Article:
Ukraine Gives Consensus A Try

KIEV, Ukraine -- Revolutions are known to devour their own children, but Ukraine's Orange revolutionaries luckily have strayed from this pattern, opting instead to welcome back the opponents orphaned by the political transformation of late 2004.

Viktor Yanukovich

It may be a triumph of political expediency and ambition over democratic ideals, but the new coalition government that was formed last month could prove to be more revolutionary and lasting than the lofty rhetoric that preceded it.

In a feat of unapologetic political manoeuvring, President Viktor Yushchenko nominated his past presidential rival, Viktor Yanukovich, as prime minister the day before the president was bound by the constitution to dissolve parliament and call new elections. The candidacy was approved in a parliamentary vote even though some members of the president's own party abstained or voted against it.

The impasse that followed March 26 parliamentary elections — in which no party won an outright majority — was broken at the last minute with the same flair for backroom intrigue and tenacious survivalist skills that had stalled the political process in Ukraine for more than four months.

The Orange revolution, which emerged victorious in December 2004 following accusations of vote-rigging that followed Yanukovich's initial victory in November, was tested from the start by the intransigent and predominantly Russian-speaking regions in the south and the east, which threatened secession in the face of what they considered to be a betrayal of the country's priorities.

The presidential contest supposedly had pitted Western against Russian interests, a struggle superimposed over a long-standing cultural and economic rift within Ukraine itself. But instead of engaging or settling the genuine differences between parts of the country, the election turned into a zero-sum game, framed by suspicion, finger-pointing and echoes of earlier proxy skirmishes between Russia and the West.

Yanukovich and his camp of oligarchic supporters could hardly compete against the stirring, photogenic cast that made up the Orange alliance, but their constituency was not a fiction of the Kremlin's imagination.

Ukraine's eastern half accounts for the bulk of the country's robust economy, bound to Russia in equal measure by historical kinship, geographic proximity and subsidized energy exports that underpin Ukraine's heavy industry. At the same time, eastern Ukraine and its representatives were no more likely to petition for Russia's overt support than the Québécois are prone to invite French intervention.

Striding over domestic affairs with leaps of rhetoric and grandstanding brought Ukraine's new Orange rulers a rush of accolades from abroad, but left a sizable minority demoralized and apprehensive.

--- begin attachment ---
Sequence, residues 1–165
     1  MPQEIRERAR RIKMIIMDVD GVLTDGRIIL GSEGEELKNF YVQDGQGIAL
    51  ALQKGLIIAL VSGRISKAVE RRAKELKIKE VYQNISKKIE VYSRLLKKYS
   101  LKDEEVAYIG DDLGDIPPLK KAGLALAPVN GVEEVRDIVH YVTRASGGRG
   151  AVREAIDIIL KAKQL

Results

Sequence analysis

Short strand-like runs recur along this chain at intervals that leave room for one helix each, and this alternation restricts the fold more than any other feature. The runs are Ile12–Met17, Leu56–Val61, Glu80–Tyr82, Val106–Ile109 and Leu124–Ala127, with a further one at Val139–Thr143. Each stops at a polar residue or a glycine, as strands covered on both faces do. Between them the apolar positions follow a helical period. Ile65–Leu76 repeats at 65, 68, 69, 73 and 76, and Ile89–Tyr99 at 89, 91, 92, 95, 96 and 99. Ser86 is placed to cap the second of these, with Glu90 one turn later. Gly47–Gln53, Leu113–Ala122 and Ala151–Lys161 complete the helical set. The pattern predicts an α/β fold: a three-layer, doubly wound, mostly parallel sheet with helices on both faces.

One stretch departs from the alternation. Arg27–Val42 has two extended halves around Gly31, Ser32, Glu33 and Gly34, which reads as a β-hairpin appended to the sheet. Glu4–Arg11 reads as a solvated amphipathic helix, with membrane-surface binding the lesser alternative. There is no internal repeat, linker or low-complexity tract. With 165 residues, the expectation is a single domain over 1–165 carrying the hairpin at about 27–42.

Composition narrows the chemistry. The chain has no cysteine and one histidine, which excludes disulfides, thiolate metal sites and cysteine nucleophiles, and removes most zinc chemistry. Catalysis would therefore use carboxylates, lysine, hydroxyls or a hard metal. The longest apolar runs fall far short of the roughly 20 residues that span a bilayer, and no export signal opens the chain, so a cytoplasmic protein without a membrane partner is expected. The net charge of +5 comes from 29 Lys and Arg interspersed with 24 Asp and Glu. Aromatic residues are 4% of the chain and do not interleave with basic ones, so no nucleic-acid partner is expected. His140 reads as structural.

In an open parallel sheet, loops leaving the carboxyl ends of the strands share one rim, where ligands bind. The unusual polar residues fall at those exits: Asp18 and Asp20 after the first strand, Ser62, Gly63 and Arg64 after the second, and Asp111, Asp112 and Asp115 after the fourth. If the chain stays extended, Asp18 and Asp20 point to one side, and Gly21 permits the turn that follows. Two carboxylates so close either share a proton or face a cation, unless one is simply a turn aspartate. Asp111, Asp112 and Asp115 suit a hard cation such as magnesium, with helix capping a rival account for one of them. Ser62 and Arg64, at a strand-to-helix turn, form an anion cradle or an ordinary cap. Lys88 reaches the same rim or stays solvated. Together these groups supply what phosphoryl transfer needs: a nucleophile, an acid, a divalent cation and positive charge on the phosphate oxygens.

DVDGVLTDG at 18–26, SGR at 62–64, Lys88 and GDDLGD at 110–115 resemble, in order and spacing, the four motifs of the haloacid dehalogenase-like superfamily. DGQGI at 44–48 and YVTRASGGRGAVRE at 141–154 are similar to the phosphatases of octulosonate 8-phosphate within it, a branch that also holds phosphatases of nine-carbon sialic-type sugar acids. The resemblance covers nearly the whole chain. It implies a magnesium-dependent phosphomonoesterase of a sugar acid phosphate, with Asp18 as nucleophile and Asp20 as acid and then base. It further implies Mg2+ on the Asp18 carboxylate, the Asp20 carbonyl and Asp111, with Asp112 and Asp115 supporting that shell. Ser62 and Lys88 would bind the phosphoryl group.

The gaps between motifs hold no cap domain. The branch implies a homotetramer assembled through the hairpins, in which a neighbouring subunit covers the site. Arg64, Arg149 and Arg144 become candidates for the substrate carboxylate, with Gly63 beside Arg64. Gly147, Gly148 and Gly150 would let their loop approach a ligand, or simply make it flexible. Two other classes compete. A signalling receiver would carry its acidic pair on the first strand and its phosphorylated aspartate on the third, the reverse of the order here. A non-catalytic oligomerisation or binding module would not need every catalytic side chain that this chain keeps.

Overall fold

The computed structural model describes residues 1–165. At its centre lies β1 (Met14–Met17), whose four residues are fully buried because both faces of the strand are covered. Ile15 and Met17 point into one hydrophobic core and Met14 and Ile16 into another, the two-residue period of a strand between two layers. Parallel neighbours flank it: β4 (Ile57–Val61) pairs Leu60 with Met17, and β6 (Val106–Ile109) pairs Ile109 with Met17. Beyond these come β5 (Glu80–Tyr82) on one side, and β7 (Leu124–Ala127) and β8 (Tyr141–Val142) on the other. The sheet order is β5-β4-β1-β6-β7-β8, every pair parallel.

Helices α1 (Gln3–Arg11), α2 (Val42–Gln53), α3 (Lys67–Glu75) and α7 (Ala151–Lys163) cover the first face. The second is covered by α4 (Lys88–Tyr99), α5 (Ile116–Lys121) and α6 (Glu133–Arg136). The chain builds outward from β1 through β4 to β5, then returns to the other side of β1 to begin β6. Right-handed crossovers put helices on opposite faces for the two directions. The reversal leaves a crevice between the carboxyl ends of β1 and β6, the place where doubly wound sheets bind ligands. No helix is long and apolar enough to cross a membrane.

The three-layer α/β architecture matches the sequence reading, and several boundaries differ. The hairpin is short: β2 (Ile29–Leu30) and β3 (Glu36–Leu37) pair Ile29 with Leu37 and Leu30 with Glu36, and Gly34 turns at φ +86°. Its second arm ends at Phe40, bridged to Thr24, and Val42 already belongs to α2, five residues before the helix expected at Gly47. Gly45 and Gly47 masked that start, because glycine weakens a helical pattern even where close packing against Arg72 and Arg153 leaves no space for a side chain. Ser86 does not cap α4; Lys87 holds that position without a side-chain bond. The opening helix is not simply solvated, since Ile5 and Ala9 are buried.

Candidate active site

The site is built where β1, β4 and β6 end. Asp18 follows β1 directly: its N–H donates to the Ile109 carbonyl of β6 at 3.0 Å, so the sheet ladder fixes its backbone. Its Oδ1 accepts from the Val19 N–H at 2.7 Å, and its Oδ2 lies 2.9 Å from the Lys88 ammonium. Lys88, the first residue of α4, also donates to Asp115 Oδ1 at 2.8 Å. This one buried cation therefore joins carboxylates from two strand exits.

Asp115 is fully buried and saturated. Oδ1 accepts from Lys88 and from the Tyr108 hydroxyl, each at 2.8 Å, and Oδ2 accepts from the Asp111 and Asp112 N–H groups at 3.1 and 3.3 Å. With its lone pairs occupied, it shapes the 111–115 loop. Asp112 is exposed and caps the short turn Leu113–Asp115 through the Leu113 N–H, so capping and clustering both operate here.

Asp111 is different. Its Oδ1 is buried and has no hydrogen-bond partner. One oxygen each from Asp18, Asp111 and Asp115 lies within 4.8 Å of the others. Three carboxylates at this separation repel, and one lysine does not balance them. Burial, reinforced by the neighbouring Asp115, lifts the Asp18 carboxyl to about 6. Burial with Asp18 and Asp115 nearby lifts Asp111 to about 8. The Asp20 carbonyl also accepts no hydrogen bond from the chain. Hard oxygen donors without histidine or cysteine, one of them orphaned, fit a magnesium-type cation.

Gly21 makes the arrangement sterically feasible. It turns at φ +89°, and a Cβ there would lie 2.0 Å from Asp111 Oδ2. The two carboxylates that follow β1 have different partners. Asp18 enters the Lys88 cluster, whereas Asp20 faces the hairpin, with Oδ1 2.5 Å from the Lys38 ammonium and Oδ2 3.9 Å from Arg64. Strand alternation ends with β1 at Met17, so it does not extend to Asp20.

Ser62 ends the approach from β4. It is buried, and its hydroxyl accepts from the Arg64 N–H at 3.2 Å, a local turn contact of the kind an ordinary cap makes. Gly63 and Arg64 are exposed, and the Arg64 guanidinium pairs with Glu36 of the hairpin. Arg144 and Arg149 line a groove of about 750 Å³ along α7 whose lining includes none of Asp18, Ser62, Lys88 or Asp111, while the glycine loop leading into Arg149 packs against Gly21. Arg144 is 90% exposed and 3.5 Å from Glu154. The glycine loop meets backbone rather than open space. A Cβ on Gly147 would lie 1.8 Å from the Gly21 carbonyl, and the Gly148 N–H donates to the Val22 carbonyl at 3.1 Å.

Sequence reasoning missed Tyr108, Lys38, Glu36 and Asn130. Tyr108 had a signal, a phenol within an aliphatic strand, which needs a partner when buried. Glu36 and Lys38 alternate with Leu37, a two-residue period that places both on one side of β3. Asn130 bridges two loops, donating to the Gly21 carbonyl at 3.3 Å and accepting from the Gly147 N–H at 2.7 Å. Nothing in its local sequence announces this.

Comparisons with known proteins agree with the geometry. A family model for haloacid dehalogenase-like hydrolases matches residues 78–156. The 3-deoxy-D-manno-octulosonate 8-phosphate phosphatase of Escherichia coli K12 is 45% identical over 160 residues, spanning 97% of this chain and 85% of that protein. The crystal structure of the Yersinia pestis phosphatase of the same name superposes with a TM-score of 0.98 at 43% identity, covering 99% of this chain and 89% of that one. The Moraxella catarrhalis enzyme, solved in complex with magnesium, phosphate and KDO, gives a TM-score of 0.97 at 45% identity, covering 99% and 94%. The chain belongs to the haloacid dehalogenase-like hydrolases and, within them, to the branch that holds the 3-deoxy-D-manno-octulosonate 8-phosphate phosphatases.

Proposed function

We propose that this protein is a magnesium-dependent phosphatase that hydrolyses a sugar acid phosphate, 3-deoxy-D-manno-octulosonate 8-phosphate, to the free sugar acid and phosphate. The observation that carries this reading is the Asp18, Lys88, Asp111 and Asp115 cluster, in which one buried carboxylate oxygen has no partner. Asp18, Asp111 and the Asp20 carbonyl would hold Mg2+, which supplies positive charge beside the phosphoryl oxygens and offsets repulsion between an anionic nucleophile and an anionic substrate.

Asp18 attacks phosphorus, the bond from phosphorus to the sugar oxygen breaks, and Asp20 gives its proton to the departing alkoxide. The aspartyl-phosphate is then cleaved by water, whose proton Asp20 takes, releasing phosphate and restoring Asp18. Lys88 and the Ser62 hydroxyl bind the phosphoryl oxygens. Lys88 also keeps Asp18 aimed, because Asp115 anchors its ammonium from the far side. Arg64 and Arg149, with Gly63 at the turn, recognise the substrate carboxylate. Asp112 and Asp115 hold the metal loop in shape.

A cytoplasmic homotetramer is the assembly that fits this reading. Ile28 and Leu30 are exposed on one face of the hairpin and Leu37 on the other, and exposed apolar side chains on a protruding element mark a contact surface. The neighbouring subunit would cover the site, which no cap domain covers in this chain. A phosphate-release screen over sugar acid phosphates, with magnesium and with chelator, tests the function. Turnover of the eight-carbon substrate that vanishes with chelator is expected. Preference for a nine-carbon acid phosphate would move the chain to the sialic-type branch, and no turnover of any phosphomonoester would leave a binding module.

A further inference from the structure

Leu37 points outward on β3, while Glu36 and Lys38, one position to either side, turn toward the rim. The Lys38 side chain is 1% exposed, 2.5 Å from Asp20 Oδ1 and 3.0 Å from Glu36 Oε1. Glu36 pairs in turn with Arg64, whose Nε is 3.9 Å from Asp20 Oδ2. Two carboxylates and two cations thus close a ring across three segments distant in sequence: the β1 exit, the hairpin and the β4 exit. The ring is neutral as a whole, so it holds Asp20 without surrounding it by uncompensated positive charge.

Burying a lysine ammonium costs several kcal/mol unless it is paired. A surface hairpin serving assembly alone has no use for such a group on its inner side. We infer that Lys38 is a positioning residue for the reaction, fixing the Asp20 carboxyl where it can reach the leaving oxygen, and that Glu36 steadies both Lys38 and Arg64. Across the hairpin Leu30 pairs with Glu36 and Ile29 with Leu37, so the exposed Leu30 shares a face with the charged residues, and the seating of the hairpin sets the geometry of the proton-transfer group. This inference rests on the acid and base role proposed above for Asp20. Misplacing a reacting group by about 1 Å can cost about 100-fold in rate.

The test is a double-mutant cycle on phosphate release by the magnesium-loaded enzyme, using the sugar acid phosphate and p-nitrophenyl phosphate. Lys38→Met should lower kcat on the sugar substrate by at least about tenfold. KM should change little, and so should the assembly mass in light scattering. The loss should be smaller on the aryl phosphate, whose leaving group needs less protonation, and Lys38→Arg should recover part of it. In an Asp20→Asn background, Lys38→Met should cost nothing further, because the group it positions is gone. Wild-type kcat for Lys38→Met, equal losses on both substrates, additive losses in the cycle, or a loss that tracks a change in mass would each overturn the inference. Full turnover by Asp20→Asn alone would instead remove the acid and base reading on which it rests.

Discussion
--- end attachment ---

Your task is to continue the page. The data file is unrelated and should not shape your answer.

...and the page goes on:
While the revolution's backers welcomed the outcome of the second round of voting that gave Yushchenko the presidency, democratic processes were never properly institutionalized, undermining the mechanisms to broker the country's internal socio-political struggles.

A conflict of interests soon emerged within the Orange alliance. Hasty populist measures, several thorough cabinet reshuffles, tensions with Russia, and intergovernmental personal vendettas made for a fine spectacle but they also tempered economic growth and brought the legislative process to a standstill. In this game of winner-take-all, Ukraine's people turned out to be the biggest loser.

In this context, the new grand coalition can seem like a gamble, a doomed compromise of opportunists and romantics. Propped up by Ukraine's Socialist and Communist parties — small factions that emerged as kingmakers at the time of political gridlock — the alliance allocated the pivotal defence and foreign policy portfolios to Yushchenko's party while assigning the various economic and interior affairs ministries to the group led by Yanukovich.

The result is a hybrid entity that embodies the paradoxes of modern Ukraine. It has no chance if the spirit of pragmatic engagement gives way to ideological squabbles.

The government faces the dual challenges of continued integration into European and Western institutions — a process Yanukovich has vowed to support — and a tense relationship with Russia, with looming negotiations over gas deliveries that so far have been contentious and controversial. The opposition will exploit any failure attack the unsteady coalition.

At another level, the new government is an unambiguous, albeit symbolic, assertion of sovereignty, uncompromised by hidden pledges to outside powers. Observers from Russia and from the West have read all possible shades of meaning into the pact between Yushchenko and Yanukovich, each finding something laudable in its prospects.

It is a sign that Ukraine's elites have grown more thoughtful, favouring a tenuous consensus over a single-minded resolve. Perhaps Ukraine will finally embrace the kind of inclusive pluralist policies which befit a nation that straddles both parts of Europe.

Source: Toronto Star

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